July 16, 2014

Ishant lurches from hero to villain

Disaster may lurk and comedy may come, but Ishant Sharma brings a wholeheartedness to his team that should be valued above stats

Ishant Sharma: quite a wide gap between his best and his worst © Getty Images

It had to be Ishant, didn't it? As the Trent Bridge track turned the final moments of the first Test between England and India into a comedy, he provided the punchline to Alastair Cook's slapstick spell by surrendering his wicket to a man who cannot buy a lucky break at the moment, who was not only bowling terrible rubbish but had been doing an impression to amuse his team-mates.

Ishant trailed back to the pavilion with the joyful, disbelieving whoops of the England players in his ears, reflecting no doubt that, once again, the game had chosen to rain down upon him.

Sure enough, google his name and the second suggestion to come up is "Ishant Sharma jokes". The results include: "21 Oct 2013... Ishant Sharma's 'miracle' 30-run over against Australia in the third ODI led to an avalanche of jokes on the internet" (MSN); "13 Feb 2014 ... IPL 7 Auction: Ishant Sharma jokes are trending on Twitter" (cricketcountry.com); "4 April 2013 Check out the 30 best jokes on Ishant Sharma" (IPLWA.com).

His career, which has seen him lurch wildly from hero to villain and back again across the course of 56 Tests and 72 one-day internationals offers plenty of ammo to keyboard warriors: the Test bowling average of 37.79, the highest of any bowler ever with more than 50 caps; being pasted all over Mohali by James Faulkner in that infamous 30-run over; his disintegrating relationship with the speed gun that once clocked him at 152kph, etc etc.

Even so, all cricketers have bad days and barren patches. It is the nature of the game to be fickle to its participants - it's practically the only guarantee that it gives. Very, very few of the elite have ability at such a high level that it exempts them from all but the very occasional ignominy. For the rest of us, from Test match cricketers down to the most humble of fourth-XI occasionals, it has varying degrees of disaster in store.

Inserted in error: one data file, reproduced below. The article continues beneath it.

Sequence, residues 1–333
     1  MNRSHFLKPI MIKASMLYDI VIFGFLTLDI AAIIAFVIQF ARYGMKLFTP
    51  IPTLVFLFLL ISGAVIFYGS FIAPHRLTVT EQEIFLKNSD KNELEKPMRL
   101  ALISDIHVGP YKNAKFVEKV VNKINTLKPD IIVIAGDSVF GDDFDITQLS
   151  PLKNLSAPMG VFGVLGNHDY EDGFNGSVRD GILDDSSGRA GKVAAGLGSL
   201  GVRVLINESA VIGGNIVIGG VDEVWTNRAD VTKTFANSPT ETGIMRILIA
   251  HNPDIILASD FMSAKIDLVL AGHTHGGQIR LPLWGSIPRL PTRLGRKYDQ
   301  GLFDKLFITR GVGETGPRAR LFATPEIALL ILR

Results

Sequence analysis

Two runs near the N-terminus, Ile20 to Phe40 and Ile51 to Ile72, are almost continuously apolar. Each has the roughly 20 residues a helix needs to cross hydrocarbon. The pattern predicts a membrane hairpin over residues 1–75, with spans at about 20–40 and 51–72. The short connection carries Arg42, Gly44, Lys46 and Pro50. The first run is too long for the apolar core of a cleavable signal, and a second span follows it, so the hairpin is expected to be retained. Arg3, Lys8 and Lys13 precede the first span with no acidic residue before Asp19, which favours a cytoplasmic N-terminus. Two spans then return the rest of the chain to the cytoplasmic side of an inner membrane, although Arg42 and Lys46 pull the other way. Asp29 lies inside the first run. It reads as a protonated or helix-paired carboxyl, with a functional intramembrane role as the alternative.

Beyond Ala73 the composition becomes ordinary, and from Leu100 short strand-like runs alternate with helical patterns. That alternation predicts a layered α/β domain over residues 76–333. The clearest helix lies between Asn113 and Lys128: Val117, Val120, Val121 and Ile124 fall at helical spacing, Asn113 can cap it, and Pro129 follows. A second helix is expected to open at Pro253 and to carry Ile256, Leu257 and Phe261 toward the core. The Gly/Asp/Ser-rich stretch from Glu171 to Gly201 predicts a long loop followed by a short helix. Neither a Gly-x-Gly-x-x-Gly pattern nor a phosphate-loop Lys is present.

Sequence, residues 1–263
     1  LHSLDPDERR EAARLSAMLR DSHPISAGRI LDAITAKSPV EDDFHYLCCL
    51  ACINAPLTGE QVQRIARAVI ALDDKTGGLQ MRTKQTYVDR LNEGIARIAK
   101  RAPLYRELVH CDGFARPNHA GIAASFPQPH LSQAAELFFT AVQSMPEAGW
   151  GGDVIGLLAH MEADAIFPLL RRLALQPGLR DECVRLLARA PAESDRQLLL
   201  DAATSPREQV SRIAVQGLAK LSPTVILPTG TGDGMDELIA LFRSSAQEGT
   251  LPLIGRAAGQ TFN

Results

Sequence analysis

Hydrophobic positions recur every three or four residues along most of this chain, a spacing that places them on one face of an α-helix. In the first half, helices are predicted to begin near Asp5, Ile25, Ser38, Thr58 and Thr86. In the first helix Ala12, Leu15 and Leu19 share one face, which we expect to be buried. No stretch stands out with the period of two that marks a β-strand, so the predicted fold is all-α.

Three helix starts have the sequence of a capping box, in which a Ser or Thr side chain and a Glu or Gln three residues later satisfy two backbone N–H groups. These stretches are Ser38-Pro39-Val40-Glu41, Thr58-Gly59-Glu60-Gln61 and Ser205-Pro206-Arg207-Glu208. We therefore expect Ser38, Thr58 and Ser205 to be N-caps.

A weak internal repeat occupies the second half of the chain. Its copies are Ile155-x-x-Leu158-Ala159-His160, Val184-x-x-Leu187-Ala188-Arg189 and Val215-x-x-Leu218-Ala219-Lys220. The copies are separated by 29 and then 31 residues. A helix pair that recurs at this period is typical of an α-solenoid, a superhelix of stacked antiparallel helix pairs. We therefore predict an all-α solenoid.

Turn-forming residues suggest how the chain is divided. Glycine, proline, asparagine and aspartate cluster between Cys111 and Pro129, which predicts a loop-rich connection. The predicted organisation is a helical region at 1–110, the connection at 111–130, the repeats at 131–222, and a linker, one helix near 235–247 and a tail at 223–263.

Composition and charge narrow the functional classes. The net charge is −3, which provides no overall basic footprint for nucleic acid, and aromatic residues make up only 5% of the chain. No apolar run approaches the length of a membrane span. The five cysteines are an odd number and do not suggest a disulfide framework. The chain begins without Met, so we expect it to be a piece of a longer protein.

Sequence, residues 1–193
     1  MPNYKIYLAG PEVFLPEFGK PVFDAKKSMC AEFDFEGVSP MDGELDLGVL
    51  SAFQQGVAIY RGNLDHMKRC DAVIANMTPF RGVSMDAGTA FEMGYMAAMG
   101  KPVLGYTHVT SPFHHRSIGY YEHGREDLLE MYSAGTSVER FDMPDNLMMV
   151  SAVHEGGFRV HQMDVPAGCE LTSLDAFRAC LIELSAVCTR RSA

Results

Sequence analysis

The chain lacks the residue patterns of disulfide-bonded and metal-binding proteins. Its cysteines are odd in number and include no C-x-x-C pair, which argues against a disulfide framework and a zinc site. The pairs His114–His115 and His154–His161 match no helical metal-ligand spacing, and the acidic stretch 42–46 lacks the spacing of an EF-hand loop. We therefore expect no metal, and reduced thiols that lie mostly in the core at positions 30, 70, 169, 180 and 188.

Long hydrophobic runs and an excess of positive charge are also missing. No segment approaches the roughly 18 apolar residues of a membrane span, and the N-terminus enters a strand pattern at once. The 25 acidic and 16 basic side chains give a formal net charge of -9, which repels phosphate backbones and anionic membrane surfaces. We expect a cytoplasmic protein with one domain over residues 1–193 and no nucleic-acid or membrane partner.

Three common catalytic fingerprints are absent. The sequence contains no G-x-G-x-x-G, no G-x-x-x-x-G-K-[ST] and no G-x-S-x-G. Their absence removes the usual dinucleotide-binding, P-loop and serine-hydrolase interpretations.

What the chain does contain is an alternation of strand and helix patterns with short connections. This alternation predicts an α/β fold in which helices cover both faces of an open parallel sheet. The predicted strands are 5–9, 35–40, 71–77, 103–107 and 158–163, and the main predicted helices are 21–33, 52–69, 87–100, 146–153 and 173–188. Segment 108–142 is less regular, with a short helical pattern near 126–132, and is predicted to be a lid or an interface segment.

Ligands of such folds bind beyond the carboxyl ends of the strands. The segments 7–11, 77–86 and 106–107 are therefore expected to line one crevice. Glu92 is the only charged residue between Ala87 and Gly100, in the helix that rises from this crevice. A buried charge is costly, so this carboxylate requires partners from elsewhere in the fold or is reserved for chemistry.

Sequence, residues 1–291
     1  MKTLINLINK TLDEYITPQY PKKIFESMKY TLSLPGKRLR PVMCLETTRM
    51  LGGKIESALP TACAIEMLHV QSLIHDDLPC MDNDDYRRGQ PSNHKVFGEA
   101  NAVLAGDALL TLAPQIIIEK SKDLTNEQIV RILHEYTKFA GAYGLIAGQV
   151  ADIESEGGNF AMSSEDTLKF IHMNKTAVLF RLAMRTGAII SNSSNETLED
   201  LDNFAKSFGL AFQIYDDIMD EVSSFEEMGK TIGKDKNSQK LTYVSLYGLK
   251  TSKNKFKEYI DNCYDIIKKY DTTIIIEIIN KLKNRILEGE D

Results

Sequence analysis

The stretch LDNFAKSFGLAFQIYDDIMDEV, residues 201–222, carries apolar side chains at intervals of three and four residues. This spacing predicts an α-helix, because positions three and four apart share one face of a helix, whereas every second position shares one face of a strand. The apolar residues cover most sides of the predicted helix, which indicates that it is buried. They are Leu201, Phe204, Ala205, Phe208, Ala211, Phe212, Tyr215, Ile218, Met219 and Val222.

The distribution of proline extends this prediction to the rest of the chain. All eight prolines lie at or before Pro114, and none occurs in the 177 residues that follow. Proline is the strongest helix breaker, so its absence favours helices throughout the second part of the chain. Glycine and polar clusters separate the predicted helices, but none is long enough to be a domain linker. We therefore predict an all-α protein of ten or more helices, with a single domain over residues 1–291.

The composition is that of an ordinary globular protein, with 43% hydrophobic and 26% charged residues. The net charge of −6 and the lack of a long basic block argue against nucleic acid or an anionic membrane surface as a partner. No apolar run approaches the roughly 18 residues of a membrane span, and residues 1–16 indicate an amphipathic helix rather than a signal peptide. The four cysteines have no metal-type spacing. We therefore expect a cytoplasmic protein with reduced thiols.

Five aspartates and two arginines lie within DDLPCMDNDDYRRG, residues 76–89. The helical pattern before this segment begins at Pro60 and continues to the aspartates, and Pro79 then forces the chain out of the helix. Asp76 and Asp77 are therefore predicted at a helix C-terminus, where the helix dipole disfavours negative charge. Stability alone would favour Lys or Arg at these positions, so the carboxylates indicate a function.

Ishant's share of that disaster happens before the eyes of the world. In a land that worships batting like no other, he is a fast bowler. Not only that, he is a beanpole, towering above legends like Tendulkar and Dhoni by a foot or more, the effect exaggerated by the greatest hairdo since David Coverdale led Whitesnake to the top of the US charts in 1987. His sheer visibility has an effect, so does the cosmic accident of having to make his mistakes in an era when social media transmits every detail in an instant, when barely a game goes untelevised or unrecorded. Not only will no one miss them, they can be endlessly relived at the touch of a keyboard, passed around forever. And once a reputation is made, it is difficult to remould into anything else, as any spin doctor will tell you.

But what established this caricature? Ishant is a player with quite a wide gap between his best and his worst, and he also began his career explosively, bowling at high pace and discomforting Ricky Ponting at the height of his powers. He was almost setting himself up for disappointment, and the knowledge of what he is capable of has dogged him through the harder times.

There is a slightly offbeat but I think valid comparison to be made with Andrew Flintoff here. Like Flintoff, a bowler of similar height, Ishant has been at his most effective when whacking the pitch short of a length, but as Flintoff discovered, it's a length that beats the bat without producing lots of wickets. Fred had just three five-wicket bags across the 137 Test innings in which he bowled; Ishant has five (Flintoff took four 11 times, in comparison to Ishant's seven across 98 innings). Varying from that length often resulted in more expensive spells, too.

Nonetheless, Ishant has had his moments, and they have been tantalising. He is unperturbed by dead wickets, and it was his excellent spell that precipitated England's first-innings collapse at Trent Bridge. Like Steve Harmison, another player who had quite a wide margin between his best and worst, once Ishant gets a sniff, he can suddenly catch fire.

He is still only 25, but it's probably fair to say that things won't change too much now. He is not going to wake up one morning and become Glenn McGrath, and yet there is something cherishable about him. In an era when the classic subcontinental wicket seems to be spreading across the globe (witness not just Trent Bridge but Sabina Park) fast bowling is only going to get harder and averages higher.

To have someone willing to throw himself into the fray when the odds are against him gives Ishant a value above stats. Disaster may lurk and comedy may come, but he is bringing wholeheartedness to his team, and, one way or another, he is enlivening this series.

Jon Hotten blogs here and tweets here

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